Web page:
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Child resistant caps put to the test

PORTLAND (WGME) -- When we see medicine bottle caps, we think childproof and kids can't open them.  But that is not the case.  We put a group of pre- kindergartners to the test to see how easy it is for them to pop the caps and the results were, frankly, shocking.

Kids are curious about everything.   And they learn quickly.  But that wonderful curiosity can turn dangerous especially when it comes to so-called childproof caps.

Dr. Karen Simone, Director of Northern New England Poison Center, says, "Nothing is childproof.  You need to have multiple ways to keep your child from getting poisoned."

To prove that point we did an experiment.  We sat down with 10 four and five year olds at the Toddle Inn in Saco and challenged them to open empty and clean vitamin and medicine bottles all with child resistant caps.  In less than 10 seconds, the first cap came off.  And the caps kept coming off.
 
After a few minutes, we asked how many got off at least one cap.  And most of the hands shot up.
 
Dr. Karen Simone says about 50 per cent of the calls they get in Maine a year are about kids, that's almost 7,000.  One to two year olds get into the most danger swallowing things they shouldn't.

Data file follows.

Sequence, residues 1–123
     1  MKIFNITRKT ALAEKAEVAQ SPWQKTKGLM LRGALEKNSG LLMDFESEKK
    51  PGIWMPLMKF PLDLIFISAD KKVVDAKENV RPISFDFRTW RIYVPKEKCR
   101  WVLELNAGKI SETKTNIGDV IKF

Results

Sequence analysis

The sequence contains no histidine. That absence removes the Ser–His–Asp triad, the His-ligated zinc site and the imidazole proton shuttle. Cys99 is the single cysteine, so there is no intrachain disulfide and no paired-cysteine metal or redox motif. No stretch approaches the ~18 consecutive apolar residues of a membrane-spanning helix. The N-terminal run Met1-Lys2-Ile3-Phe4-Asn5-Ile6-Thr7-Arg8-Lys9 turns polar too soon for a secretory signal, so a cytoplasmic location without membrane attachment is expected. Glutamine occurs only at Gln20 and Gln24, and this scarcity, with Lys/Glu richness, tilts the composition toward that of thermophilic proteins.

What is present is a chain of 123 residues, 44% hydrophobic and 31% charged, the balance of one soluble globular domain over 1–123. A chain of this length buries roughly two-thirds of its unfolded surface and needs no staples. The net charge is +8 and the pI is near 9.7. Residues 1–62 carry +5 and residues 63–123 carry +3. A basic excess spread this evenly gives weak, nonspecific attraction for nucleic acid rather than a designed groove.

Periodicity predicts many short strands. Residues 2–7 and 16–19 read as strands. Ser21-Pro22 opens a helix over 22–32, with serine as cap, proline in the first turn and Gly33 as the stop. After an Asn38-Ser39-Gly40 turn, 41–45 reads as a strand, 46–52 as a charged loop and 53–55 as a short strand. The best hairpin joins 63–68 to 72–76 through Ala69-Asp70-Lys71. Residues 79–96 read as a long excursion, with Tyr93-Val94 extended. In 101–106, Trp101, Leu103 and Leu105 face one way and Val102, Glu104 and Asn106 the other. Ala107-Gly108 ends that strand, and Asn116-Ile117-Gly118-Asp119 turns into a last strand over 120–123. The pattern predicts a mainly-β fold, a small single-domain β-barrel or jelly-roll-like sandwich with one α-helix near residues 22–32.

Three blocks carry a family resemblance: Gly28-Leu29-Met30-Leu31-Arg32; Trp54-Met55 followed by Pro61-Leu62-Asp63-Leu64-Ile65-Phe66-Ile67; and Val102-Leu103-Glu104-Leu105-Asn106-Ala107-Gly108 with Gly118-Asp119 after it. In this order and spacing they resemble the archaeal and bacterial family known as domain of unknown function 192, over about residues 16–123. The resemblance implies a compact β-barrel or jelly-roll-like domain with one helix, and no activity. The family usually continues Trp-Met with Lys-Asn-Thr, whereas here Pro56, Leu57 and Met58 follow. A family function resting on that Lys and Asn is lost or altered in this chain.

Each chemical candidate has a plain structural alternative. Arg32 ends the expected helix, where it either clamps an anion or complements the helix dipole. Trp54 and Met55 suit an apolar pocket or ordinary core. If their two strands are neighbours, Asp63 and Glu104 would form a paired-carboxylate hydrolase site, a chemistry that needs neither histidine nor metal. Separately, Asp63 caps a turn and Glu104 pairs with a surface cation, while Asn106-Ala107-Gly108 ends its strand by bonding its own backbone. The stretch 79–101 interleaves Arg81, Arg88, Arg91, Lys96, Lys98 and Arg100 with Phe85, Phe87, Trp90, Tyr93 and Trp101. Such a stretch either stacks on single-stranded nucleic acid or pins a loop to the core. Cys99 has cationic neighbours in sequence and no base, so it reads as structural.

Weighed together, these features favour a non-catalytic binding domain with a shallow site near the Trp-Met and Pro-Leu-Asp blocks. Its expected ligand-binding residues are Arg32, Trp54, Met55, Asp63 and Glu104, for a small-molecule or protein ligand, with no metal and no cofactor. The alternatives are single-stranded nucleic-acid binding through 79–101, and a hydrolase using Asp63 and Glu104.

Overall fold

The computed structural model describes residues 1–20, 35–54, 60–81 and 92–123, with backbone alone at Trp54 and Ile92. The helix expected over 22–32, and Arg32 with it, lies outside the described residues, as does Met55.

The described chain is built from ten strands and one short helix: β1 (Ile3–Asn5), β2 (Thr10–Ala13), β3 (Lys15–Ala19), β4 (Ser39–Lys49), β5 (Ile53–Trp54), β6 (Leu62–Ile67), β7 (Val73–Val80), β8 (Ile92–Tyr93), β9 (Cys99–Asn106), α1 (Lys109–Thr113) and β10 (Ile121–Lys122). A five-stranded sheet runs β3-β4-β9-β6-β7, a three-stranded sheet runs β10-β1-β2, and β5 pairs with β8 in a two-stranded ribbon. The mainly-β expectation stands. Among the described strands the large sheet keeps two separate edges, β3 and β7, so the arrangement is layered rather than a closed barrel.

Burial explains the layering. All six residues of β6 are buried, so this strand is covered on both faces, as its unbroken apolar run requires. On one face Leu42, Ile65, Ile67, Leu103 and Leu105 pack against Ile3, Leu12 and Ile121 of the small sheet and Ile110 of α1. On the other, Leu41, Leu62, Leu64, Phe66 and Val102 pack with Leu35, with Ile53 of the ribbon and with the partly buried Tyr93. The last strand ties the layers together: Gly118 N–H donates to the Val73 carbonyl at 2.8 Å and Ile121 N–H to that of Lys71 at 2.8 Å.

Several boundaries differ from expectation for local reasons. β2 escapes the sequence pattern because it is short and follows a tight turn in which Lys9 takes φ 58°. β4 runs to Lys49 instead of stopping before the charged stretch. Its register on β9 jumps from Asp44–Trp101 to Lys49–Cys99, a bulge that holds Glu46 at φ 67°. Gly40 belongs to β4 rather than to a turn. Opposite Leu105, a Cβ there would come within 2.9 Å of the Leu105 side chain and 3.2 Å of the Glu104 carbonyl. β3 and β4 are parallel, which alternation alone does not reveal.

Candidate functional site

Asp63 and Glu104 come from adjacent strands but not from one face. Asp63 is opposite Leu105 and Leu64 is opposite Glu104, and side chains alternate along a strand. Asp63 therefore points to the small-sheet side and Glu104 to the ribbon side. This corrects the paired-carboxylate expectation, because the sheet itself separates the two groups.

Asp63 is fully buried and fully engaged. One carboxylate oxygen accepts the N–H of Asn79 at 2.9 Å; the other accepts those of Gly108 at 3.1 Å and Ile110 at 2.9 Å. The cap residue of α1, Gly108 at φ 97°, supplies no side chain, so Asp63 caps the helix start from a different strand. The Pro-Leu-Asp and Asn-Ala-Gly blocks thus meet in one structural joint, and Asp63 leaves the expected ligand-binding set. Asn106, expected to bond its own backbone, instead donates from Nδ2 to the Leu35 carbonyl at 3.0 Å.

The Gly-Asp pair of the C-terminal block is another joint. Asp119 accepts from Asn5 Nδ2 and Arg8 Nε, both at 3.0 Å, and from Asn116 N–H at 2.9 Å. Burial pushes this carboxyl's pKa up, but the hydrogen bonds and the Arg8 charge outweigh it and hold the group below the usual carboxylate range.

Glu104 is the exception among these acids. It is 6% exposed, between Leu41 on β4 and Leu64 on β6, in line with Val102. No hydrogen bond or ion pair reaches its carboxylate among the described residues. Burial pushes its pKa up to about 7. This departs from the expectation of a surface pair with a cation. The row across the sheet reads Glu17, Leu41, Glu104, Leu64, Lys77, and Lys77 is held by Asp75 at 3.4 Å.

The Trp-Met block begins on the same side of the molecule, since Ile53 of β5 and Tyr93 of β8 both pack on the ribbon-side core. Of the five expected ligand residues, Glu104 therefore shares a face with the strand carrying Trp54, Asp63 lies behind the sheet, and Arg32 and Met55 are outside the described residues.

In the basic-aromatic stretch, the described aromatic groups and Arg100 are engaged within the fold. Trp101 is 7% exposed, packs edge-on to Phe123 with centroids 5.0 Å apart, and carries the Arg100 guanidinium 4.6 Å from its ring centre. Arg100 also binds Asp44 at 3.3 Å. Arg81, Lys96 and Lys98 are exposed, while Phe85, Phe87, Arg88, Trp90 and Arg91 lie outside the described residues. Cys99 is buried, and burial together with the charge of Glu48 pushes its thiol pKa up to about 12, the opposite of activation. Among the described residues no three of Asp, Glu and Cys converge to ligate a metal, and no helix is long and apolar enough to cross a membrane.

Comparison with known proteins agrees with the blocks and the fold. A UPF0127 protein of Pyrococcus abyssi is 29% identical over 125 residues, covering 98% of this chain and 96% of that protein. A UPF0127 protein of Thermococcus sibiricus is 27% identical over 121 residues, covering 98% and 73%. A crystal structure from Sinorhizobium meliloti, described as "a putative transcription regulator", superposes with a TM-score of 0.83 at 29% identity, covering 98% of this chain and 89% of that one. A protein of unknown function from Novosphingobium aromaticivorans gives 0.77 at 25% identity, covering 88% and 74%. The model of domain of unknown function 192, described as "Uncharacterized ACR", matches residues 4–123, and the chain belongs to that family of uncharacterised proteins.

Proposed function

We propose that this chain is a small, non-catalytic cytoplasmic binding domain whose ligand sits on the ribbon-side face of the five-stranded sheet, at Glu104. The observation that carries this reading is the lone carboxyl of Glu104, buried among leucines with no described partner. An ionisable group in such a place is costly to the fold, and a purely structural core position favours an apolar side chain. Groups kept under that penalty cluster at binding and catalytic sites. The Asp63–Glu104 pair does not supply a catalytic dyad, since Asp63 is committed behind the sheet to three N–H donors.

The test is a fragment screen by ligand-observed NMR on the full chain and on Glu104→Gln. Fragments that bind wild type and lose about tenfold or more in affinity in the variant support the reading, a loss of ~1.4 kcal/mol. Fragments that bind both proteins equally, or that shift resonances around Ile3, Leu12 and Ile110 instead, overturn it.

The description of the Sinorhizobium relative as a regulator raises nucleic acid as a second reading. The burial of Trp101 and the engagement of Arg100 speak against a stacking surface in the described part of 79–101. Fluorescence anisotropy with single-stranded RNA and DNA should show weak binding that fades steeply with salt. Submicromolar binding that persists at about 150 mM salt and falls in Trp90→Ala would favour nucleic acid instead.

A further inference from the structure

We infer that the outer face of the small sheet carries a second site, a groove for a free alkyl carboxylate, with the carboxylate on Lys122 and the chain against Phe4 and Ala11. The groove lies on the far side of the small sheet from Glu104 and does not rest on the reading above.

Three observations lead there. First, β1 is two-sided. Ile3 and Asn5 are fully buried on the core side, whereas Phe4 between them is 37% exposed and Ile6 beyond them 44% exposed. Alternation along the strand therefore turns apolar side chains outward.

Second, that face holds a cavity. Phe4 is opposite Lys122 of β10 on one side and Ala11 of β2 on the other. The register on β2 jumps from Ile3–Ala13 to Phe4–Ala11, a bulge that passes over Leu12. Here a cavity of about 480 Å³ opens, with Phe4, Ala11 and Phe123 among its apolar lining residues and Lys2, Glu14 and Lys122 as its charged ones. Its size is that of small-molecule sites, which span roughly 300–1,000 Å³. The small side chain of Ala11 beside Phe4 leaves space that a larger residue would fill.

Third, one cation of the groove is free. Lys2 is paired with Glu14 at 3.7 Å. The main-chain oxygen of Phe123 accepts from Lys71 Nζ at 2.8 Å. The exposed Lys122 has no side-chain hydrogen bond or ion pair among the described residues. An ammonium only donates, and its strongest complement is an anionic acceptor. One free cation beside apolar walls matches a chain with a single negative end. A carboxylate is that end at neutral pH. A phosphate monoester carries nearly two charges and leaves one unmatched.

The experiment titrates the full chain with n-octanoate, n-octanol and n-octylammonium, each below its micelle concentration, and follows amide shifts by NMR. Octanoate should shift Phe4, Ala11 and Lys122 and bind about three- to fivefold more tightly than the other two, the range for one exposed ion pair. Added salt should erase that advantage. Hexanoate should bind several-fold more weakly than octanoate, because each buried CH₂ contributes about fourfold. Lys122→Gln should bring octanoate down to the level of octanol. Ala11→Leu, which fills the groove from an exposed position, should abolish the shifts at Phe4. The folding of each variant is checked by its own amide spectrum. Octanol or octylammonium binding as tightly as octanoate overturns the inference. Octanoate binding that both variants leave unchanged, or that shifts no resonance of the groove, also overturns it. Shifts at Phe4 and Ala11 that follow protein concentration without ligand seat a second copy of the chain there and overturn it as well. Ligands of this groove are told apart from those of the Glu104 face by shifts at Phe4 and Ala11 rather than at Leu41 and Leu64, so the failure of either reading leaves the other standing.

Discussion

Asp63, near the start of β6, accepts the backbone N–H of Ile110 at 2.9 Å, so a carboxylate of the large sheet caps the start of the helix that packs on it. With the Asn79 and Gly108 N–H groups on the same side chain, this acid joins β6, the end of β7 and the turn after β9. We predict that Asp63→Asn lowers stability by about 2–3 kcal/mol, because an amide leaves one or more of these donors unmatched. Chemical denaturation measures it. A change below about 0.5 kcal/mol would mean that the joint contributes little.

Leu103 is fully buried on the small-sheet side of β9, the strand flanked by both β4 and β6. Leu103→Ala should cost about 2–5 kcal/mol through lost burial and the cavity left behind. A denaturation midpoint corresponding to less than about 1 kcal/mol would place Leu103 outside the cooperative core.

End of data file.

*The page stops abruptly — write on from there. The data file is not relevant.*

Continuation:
Dr. Simone says, "Medicine shakes like a rattle when it's in the bottle and it's very distracting for children.  And a lot of people believe since there is a child resistant closure on there that it's safe for children to handle."

But as the kids showed us, it's not. As any parent knows children are fast and that can be deadly.

Dr. Simone says "Some medications are so toxic that just one tablet or less than a tablet can seriously harm or kill a child."

Its a mistake that cannot be erased.

Dr. Simone says most poisonings happen in organized households when an adult gets distracted.  She suggests:
*put medication out of reach right away. 
*Don't get distracted by a phone call or someone at the door when medication is out. 
*Never allow kids see you taking pills.  
*Make sure the caps are on tight.
*And be aware grandparents might have drugs that are easily accessible either at their home or in the a purse.

Northern New England Poison Control:
*http://www.nnepc.org/
*1-800-222-1222

The Northern New England Poison Control put together the following list.
Medicines that may cause serious poisoning in small children with 1 or 2 pills*
Type:
Opioids
Treatment for Addiction
Pain Medications
Diarrhea Medicine  
    Methadone
    Buprenorphine
    Morphine
    Oxycodone
    Diphenoxylate/atropine

Diabetes (some)   
    Glipizide
    Glyburide

Heart (some)
Blood Pressure Medicine (some)
Heart Rhythm Medicine   
    Verapamil
    Diltiazem
    Nifedipine
    Nicardipine
    Amlodipine
    Felodipine
    Disopyramide
    Flecainide
    Quinidine
    Procainamide

ADHD Medications (some)   
    Clonidine
    Guanfacine

Antidepressants (some)   
    Amitriptyline
    Desipramine
    Imipramine

Miscellaneous   
    Hydroxychloroquine
*This list is NOT all-inclusive.  There are other medications and chemicals that can cause serious poisoning in small amounts.  Call the Northern New England Poison Center at 1-800-222-1222 for help.